David Garrett, newsfactor.com
There was a time when mobile phones just made phone calls -- or, to be more precise, tried to make phone calls, forcing their owners to cope with dropped signals, bad static, and all kinds of on-the-road woes. But times do change.
Today's mobile phones can handle two and three calls at a time, not to mention high-speed downloads of movie clips or a search for the closest dry cleaner. And let's not forget about photos, e-books, and the music from Beyonce to Bach.
With this week's announcement of a new version of Yahoo Go for Mobile, the search-engine giant, already vying for pole position with Google, hopes to establish itself as the leader in the mobile Web-browsing market, too.
Yahoo Go for Mobile 2.0 is still in beta form and open to owners of Motorola's RAZR maxx V6 and V3xx phones only -- two models that attract Web-savvy, connected users who see no reason not to read e-mail wherever they are.
But Yahoo plans to expand the download to more than 70 handsets in2007, along with preinstallations from major phone makers and distribution deals with cellular networks that span the globe from Malaysia to Sweden to Ireland, with half a dozen stops in between.
"Yahoo intends to be the number one mobile Internet player globally," said Marco Boerries, Yahoo's senior vice president of connected life, in a published statement.
Indeed, "connected life" is a good moniker for Yahoo's plans. Yahoo Go2.0 gives users no small number of mobile features to connect them to information they need.
First up is Yahoo's new oneSearch, which intuits the information that users want, ferrets it out of database systems and Web sites, then presents it in synopsis form, as opposed to handing users a set of Web links for them to delve into themselves.
If it's baseball season and you're a Yankees fan, oneSearch will take the team's name then return the scores from its most recent game, along with game schedules, team rosters, photos, local results, and so on, according to Yahoo.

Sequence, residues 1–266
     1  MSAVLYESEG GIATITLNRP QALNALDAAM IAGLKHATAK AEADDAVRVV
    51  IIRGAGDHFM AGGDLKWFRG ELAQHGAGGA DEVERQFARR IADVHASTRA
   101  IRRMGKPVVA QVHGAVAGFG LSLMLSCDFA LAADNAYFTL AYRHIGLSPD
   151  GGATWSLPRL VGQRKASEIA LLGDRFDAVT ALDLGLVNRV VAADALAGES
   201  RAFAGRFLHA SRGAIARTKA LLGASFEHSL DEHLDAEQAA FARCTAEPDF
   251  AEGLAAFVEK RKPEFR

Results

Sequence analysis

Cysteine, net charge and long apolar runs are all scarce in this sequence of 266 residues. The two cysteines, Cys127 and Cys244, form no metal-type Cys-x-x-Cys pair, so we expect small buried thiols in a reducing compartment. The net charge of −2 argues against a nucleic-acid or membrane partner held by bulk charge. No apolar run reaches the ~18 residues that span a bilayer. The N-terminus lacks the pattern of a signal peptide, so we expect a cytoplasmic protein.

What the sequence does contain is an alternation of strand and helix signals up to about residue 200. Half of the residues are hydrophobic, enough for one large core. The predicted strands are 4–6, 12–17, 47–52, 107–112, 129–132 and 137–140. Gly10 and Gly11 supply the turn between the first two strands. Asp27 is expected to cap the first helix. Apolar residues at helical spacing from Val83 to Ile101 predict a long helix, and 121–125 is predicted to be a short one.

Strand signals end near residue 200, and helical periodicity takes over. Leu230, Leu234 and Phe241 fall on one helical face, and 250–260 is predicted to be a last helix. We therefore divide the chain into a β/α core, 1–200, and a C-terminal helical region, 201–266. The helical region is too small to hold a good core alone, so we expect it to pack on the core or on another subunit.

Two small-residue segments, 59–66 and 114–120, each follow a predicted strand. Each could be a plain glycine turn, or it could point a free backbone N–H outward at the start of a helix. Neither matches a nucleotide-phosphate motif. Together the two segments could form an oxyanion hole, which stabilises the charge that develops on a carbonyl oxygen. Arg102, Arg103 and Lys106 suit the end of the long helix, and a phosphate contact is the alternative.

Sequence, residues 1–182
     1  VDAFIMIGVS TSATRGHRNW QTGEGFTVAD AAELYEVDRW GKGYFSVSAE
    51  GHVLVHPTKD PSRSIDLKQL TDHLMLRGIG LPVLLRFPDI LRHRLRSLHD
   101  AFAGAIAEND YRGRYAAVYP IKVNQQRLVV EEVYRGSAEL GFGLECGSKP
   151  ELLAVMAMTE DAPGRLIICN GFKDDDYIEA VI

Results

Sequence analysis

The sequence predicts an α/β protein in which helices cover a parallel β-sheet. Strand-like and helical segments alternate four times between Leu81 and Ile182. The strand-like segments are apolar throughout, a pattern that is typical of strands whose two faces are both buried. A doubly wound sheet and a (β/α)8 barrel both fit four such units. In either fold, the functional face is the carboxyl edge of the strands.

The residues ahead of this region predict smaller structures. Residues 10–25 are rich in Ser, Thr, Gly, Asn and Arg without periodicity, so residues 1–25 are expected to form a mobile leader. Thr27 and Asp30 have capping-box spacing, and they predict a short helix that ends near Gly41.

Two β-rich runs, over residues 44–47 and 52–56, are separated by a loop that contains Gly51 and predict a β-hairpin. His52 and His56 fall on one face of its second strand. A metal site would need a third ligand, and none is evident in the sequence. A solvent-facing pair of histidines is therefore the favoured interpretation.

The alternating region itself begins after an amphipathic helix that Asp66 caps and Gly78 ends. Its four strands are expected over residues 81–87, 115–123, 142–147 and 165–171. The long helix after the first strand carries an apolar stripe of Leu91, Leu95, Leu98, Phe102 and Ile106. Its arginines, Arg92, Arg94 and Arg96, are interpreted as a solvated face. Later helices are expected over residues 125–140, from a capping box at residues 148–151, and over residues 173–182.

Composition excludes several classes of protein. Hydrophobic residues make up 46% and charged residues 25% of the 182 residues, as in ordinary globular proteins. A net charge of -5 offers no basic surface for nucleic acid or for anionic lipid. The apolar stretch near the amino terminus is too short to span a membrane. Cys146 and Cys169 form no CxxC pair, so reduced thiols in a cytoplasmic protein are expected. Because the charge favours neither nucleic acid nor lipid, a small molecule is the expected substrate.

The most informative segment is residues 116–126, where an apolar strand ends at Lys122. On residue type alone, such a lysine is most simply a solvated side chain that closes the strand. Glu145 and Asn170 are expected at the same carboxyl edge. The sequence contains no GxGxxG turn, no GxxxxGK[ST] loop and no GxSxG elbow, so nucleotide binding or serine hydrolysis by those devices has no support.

Yahoo Go's Local & Maps feature works much like Google Maps, searching phone books for business listings around the country. If you want a good slice of Chicago pizza in Los Angeles or the nearest California Pizza Kitchen in Chicago, each mobile service will find it for you -- along with user reviews, ratings, and directions.
Yahoo's service also features many of the old standards that users now see as par for the course from mobile information vendors, including e-mail, news, weather, stock quotes, and so forth. But Yahoo makes each feature -- which it calls a "widget" -- revolve around a "command center" that gives users the chance to scavenge for more information, including RSS feeds from Web sites, blogs, and news services.
Last, Yahoo Go 2.0 offers a photo sharing widget that lets users upload photos from their phones' on-board cameras to Flickr, the photo sharing site that has become a linchpin of the social networking movement known as Web 2.0.
Indeed, sites like Flickr, MySpace (the teen and tween fiefdom for making friends and building personal Web sites), and Digg (where users stock the site with news stories they like) all can be accessed from mobile phones, some with special features that make mobile viewing simpler.
The bottom line? "Out of the office" or "out of the house" no longer mean "out of touch." As data becomes a common houseguest on cell phone handsets, life, to use Yahoo's word, is growing more connected by the day.
Copyright 2007 NewsFactor Network, Inc.
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